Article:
The most common neurological complications following local anesthesia involve interruption of nerve continuity (axonotmesis and neurotmesis), formation of hematoma, or compression induced by tourniquet or by prolonged malposition on the operating table. Most post block neurological complications are observed subsequent to paresthesia triggered by penetration or injection. Paresthesia are classified as benign or as levels 3 and 4, which can result in nerve damage. An EMG should be routinely performed when there is no spontaneous resolution of nerve damage three weeks after the anesthetic procedure. The differential diagnosis based on examination of the patient will be confirmed by subsequent clinical and electromyographical progression. Most importantly, preventive measures should include meticulous technique and careful advancement of the injection needle; no injection should be made if there is a paresthesia or if there is resistance to the injection. Treatment of minor complications may require only peripheral analgesics but in more severe cases where progression is unfavorable, surgery may be indicated.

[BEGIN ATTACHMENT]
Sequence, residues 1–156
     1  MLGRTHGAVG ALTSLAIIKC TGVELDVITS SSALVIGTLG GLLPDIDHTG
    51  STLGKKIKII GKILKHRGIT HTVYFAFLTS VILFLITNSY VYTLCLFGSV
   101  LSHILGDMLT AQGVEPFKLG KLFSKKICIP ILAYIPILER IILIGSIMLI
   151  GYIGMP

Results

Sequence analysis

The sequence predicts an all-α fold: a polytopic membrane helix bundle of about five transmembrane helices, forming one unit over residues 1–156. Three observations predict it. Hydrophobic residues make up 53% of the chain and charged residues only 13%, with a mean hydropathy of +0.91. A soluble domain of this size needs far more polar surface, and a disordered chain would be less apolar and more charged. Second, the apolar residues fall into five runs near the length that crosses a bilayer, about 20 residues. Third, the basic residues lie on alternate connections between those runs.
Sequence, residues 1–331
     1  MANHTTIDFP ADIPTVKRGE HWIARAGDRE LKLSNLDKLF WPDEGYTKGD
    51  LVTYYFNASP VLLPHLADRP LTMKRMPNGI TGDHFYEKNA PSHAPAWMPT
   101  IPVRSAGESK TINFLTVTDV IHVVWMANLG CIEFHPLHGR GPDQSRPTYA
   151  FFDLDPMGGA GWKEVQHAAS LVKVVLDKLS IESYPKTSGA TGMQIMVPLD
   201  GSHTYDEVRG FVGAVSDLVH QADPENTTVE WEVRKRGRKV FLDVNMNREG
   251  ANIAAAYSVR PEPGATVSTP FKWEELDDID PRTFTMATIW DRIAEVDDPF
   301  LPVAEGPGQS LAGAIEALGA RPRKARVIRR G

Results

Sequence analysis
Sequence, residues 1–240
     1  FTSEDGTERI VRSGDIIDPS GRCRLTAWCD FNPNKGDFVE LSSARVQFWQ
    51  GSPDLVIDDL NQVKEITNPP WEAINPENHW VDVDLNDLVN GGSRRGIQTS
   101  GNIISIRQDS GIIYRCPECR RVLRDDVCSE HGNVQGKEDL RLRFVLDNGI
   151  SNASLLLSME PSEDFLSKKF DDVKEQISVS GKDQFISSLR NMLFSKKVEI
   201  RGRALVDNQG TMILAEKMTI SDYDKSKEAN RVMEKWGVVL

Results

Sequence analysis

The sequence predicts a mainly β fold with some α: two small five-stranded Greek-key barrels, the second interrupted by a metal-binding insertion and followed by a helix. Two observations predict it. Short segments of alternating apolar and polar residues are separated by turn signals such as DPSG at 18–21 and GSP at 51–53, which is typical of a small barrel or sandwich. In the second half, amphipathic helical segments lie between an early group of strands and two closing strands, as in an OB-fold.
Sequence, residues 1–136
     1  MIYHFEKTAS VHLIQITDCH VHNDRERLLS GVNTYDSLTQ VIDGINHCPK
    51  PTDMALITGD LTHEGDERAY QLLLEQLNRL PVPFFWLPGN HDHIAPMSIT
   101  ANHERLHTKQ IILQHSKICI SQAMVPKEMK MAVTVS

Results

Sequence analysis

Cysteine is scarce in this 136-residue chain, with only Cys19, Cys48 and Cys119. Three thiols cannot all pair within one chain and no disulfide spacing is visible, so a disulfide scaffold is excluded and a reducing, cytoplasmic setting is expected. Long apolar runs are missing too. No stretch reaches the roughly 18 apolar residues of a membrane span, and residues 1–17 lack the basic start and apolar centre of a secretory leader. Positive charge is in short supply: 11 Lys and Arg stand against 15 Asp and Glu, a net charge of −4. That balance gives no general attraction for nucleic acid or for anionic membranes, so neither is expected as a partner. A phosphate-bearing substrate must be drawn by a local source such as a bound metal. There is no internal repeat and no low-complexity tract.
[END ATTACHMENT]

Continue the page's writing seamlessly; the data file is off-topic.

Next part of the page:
|Number of pages||10|
|Journal||Techniques in Regional Anesthesia and Pain Management|
|Publication status||Published - Apr 2003|
ASJC Scopus subject areas
- Anesthesiology and Pain Medicine